This Is What Would Happen If David Lynch Made “Skyrim”

This 20-minute game is the most intriguing of 2014 so far.

The best game I’ve played so far in 2014 is free, twenty minutes long, built on the cheap in the open source Unity engine by a 26-year-old Canadian named Connor Sherlock, and called The Rapture Is Here and You Will Be Forcibly Removed from Your Home. It’s his first game.

Here is what happens during those twenty minutes: You are dropped on a hillock, in the countryside, underneath a looming grey disc in a cloudy sky, as weird towers of light pulse in the distance and cheap synthesizers groan. You’re left to wander. Walking up to any of the lights triggers a snipped monologue by one of four unseen narrators; the language, tantalizing and vague, is all taken, we find out at the end, from four Lovecraft stories.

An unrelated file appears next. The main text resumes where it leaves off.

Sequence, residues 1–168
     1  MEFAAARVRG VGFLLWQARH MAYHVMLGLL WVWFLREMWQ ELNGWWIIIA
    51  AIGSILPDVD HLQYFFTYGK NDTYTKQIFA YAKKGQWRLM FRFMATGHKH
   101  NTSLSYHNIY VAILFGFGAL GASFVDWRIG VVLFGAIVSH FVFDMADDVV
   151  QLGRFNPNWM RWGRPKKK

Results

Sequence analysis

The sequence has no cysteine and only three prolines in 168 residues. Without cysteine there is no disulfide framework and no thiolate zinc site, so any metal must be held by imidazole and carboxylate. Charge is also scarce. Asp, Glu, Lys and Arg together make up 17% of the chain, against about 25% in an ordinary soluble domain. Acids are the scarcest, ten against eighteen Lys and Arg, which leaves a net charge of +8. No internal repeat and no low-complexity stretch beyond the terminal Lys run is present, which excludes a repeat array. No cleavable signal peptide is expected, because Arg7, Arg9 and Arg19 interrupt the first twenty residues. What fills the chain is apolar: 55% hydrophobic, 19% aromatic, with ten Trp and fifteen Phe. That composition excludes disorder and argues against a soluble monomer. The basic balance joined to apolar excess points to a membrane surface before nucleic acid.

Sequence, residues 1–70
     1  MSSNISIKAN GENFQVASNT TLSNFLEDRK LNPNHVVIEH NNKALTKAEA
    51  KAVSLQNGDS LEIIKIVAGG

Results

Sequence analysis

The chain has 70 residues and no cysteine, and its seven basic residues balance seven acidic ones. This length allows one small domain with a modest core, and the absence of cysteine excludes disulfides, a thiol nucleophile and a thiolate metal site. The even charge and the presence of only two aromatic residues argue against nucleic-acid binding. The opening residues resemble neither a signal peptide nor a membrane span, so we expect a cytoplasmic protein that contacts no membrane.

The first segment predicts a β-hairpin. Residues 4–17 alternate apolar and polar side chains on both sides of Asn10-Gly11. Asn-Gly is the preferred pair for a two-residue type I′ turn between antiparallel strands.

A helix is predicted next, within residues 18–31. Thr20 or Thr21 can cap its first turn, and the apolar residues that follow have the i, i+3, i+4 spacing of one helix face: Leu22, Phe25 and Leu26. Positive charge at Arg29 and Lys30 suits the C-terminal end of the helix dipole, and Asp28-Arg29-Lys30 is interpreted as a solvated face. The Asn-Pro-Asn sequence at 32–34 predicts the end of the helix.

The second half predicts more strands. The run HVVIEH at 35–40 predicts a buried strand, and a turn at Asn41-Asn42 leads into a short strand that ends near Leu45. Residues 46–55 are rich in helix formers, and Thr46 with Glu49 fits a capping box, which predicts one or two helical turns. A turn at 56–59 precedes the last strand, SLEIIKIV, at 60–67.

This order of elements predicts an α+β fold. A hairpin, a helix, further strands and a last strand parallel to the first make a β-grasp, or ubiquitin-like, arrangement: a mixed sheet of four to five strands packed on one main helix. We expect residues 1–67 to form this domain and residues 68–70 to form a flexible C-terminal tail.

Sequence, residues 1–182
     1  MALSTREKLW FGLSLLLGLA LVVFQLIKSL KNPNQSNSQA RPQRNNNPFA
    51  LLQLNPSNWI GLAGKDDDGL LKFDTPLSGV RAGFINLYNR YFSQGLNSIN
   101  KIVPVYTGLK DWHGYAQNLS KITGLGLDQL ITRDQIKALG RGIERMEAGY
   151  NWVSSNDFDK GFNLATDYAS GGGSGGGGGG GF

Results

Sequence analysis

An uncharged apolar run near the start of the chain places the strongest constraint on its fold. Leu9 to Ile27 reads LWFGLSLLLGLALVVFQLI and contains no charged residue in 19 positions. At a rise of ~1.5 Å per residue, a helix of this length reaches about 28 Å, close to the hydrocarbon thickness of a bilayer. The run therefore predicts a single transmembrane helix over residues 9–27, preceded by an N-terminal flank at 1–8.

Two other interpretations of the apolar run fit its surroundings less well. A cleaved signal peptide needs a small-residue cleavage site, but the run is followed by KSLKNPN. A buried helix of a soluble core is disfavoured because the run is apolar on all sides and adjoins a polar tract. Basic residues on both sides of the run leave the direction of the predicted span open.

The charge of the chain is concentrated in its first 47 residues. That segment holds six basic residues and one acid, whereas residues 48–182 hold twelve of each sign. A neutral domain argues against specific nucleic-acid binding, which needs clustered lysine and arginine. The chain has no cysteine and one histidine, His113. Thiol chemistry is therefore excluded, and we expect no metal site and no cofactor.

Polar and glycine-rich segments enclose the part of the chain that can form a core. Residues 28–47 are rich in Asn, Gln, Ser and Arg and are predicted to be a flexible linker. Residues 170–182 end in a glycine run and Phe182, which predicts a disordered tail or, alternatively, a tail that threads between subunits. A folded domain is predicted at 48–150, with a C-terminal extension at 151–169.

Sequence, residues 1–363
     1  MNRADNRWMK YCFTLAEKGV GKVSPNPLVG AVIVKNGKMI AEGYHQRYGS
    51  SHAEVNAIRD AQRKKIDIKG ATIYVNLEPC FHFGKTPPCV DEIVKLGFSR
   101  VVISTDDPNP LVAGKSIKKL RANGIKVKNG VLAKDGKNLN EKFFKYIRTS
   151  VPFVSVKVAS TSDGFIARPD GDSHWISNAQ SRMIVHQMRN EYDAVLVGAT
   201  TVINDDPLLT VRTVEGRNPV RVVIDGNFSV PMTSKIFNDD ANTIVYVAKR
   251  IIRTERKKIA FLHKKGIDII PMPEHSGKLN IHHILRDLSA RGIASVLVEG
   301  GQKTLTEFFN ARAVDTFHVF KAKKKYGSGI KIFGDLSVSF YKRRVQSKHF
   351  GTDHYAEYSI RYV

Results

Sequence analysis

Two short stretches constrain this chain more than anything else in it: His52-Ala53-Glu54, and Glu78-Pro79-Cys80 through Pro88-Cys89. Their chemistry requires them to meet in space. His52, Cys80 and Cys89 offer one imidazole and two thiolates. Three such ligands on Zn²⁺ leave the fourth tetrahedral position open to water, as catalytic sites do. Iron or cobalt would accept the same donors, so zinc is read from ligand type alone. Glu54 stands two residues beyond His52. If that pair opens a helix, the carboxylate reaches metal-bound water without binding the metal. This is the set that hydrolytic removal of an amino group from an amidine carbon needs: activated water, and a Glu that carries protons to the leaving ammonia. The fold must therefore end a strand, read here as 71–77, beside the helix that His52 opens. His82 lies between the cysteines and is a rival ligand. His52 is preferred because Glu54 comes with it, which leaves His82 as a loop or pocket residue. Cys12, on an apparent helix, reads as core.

That’s it. The player is left to speculate about the nature of the disc (which hums whenever you look at it), the stories, the setting; everything. It’s a minimal game that uses its few components expertly. I was reminded of Beckett’s famous comparison of his writing to Joyce’s: “My own way was in impoverishment, in lack of knowledge and in taking away, in subtracting rather than in adding.”

We talk frequently, and with sophistication, about what games do well visually, or mechanically, or narratively, etc., etc. We rarely talk with any specificity about the actual effects that games produce in their players. Does a game make you happy? Sad? Lonely? Angry? Frustrated? Or does it spark in you a more layered sensation or emotion—melancholy, regret, dread, guilt? I’ve often thought that the impoverishment a lot of 20 and 30-something gamers feel about their hobby simply stems from the fact that mainstream games have stopped producing new sensations for them.

The beauty of this fine game is that in only 20 minutes it produces what to my mind is an extremely subtle mix of feeling and sensation in the player, something incredibly hard to describe, which I’ve certainly never felt in a game before. The Rapture Is Here… has clear precursors, particularly the indie touchstones Proteus and Dear Esther, but I found it more indelible than either. Play it.

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